Cancer immunotherapy is an exciting, relatively new therapy that treats cancer by unleashing the power of the immune system. It has been hailed as one of the most promising advances in the treatment of cancer in recent times.
Immuno-oncology research is growing at a rapid pace and for the last three years this has begun to translate into a patenting frenzy as players seek to stake their claim in this wide commercial landscape. In this month’s piece from Clarivate Analytics, Bob Stembridge – the company’s marketing communications manager – looks at what the data is telling us.
Immunotherapy has become the major driver behind deal making in the pharmaceutical industry with 32 of the 35 multi-billion deals in the last five years being focused on immuno-oncology. In a recent webinar, my colleague Anette Breindl and I reviewed recent trends in oncology deals, the science behind immuno-oncology and the rapidly moving patent landscape to identify the key technology areas and major players in this fast-moving therapy area.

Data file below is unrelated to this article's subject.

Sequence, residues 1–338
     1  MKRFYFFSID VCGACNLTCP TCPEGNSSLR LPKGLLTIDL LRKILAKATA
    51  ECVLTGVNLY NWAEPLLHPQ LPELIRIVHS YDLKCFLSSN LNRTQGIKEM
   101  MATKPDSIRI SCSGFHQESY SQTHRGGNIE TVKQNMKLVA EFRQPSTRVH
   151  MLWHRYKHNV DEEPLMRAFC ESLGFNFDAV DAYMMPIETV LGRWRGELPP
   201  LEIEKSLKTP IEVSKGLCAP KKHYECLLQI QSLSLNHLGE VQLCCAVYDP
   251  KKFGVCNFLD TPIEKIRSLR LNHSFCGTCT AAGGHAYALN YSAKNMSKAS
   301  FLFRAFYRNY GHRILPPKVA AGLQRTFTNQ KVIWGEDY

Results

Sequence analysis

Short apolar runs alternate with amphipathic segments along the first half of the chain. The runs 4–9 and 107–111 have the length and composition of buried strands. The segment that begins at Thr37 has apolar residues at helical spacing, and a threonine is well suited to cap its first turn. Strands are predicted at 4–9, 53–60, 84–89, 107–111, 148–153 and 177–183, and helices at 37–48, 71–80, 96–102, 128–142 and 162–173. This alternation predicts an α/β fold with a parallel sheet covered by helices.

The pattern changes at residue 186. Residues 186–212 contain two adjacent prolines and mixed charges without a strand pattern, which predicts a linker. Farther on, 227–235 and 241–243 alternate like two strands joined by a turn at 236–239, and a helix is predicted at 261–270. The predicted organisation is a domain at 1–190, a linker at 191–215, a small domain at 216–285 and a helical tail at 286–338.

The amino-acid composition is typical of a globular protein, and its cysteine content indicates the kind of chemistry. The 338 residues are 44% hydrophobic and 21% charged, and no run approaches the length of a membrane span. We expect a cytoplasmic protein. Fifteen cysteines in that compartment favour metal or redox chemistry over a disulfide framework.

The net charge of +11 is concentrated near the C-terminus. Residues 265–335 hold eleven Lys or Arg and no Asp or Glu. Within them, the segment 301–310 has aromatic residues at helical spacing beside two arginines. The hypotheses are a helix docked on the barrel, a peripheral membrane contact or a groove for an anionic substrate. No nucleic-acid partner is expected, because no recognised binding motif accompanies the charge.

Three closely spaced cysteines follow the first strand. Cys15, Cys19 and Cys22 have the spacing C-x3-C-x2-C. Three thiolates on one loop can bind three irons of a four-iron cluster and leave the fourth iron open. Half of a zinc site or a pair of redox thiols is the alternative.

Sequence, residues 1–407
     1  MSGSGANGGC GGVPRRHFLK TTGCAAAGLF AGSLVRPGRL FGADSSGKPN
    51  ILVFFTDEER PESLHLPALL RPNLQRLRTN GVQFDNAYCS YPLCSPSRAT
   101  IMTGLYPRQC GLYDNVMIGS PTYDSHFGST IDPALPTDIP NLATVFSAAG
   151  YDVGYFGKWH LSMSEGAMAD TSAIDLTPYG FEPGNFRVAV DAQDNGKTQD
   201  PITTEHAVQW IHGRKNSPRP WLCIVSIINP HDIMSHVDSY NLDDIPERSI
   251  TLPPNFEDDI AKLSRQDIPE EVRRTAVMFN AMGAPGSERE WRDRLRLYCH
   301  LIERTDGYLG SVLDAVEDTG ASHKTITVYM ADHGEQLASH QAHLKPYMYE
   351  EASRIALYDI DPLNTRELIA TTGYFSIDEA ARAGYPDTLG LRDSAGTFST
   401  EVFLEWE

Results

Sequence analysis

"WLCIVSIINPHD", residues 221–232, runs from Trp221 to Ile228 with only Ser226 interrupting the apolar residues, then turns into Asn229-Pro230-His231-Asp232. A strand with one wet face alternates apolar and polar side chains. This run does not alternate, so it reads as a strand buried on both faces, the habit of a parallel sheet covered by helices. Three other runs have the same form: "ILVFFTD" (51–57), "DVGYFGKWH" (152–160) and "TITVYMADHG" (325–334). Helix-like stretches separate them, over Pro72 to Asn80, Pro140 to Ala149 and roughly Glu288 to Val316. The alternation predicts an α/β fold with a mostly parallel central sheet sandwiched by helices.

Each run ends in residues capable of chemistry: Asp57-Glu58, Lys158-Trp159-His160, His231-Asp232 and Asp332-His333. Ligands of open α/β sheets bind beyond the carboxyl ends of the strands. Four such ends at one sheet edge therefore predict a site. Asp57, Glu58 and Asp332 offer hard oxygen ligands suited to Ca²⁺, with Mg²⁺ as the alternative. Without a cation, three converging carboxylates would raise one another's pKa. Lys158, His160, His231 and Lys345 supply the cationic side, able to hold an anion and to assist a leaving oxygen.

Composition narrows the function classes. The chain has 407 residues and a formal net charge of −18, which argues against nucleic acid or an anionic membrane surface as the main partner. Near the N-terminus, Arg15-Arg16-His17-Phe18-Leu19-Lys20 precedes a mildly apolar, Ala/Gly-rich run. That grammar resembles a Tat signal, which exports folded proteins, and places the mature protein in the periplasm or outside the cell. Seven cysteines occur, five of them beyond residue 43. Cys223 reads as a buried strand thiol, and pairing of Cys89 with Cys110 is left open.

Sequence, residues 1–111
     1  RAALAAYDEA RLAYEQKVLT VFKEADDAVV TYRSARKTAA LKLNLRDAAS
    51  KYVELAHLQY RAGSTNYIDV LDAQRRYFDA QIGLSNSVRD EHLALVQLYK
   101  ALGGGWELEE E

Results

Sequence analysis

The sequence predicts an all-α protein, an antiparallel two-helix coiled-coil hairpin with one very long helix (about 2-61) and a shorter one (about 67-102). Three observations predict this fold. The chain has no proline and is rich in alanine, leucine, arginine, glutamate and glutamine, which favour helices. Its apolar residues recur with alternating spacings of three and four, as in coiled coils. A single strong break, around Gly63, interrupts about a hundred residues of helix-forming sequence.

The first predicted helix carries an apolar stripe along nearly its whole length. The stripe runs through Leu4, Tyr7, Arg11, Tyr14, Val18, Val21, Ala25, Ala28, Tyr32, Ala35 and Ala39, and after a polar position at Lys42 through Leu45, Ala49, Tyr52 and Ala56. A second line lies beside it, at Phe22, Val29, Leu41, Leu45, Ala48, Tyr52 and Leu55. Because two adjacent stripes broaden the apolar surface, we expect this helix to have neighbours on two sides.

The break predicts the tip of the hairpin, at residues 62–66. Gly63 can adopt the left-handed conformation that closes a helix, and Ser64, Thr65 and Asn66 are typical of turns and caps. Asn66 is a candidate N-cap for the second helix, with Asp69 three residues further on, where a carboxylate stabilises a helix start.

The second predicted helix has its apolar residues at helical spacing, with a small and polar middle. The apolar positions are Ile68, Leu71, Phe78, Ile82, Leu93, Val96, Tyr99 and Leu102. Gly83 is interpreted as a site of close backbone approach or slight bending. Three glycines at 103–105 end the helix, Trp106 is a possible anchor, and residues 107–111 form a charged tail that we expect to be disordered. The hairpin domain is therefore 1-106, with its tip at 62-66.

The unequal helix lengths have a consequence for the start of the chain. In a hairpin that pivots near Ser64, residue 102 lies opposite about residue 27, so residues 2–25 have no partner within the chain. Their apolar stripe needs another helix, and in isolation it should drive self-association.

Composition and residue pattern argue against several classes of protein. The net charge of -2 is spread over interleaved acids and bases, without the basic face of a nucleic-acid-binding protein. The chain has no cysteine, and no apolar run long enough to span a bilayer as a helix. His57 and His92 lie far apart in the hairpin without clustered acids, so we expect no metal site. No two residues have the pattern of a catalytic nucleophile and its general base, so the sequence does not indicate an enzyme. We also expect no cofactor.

How immunotherapy works
Conventional cancer therapies include radiation, surgery and chemotherapy. These kill cancerous cells, but also damage healthy cells or nearby tissues. Immuno-oncology presents a whole new treatment paradigm: it tunes the immune system to specifically fight cancer cells. When it is successful, this approach can lead to very long-term remissions compared to conventional treatments, which often work for a time but cannot ultimately prevent relapse.
Over the years, cancer has evolved some sneaky tricks to avoid detection and attack by the immune system, thus allowing cancer cells to proliferate without hindrance. In cancer, there are small ligands on the surface of the cell which trick the immune system into believing they are healthy cells and thus evade attack. Immunotherapy drugs work by binding to those ligands thus exposing the cancer cells for the foreign bodies they are and enabling the immune system to recognize and deal with them accordingly.